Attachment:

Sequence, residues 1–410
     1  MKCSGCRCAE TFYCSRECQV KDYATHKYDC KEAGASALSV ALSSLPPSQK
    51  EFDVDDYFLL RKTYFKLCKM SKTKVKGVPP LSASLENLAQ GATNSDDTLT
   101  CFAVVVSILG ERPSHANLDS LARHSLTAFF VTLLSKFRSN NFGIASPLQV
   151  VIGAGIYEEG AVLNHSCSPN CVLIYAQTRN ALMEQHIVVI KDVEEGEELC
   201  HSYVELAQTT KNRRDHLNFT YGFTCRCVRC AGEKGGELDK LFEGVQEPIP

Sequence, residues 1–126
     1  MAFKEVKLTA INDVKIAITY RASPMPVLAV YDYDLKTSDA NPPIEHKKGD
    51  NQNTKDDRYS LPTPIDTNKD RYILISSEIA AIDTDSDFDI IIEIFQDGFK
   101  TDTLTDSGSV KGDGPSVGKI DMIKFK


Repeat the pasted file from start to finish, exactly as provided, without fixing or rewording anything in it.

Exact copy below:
Sequence, residues 1–410
     1  MKCSGCRCAE TFYCSRECQV KDYATHKYDC KEAGASALSV ALSSLPPSQK
    51  EFDVDDYFLL RKTYFKLCKM SKTKVKGVPP LSASLENLAQ GATNSDDTLT
   101  CFAVVVSILG ERPSHANLDS LARHSLTAFF VTLLSKFRSN NFGIASPLQV
   151  VIGAGIYEEG AVLNHSCSPN CVLIYAQTRN ALMEQHIVVI KDVEEGEELC
   201  HSYVELAQTT KNRRDHLNFT YGFTCRCVRC AGEKGGELDK LFEGVQEPIP

Sequence, residues 1–126
     1  MAFKEVKLTA INDVKIAITY RASPMPVLAV YDYDLKTSDA NPPIEHKKGD
    51  NQNTKDDRYS LPTPIDTNKD RYILISSEIA AIDTDSDFDI IIEIFQDGFK
   101  TDTLTDSGSV KGDGPSVGKI DMIKFK